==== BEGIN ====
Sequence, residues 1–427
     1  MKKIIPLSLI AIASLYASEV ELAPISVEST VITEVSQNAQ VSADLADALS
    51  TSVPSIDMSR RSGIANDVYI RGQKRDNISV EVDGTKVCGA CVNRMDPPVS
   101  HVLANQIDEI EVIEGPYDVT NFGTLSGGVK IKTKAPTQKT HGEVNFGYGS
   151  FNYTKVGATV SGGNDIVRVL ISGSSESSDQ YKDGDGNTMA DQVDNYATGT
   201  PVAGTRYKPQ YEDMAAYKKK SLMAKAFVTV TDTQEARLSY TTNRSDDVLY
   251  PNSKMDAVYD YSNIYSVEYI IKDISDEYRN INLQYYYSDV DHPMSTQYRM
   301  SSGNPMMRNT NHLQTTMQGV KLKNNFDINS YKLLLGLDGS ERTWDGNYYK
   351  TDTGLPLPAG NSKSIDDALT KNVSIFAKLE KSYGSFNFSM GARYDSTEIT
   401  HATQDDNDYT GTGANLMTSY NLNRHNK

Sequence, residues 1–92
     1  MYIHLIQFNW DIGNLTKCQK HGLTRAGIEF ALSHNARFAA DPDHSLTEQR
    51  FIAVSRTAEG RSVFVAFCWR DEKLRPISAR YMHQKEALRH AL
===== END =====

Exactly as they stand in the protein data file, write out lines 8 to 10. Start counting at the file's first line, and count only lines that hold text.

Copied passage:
   301  SSGNPMMRNT NHLQTTMQGV KLKNNFDINS YKLLLGLDGS ERTWDGNYYK
   351  TDTGLPLPAG NSKSIDDALT KNVSIFAKLE KSYGSFNFSM GARYDSTEIT
   401  HATQDDNDYT GTGANLMTSY NLNRHNK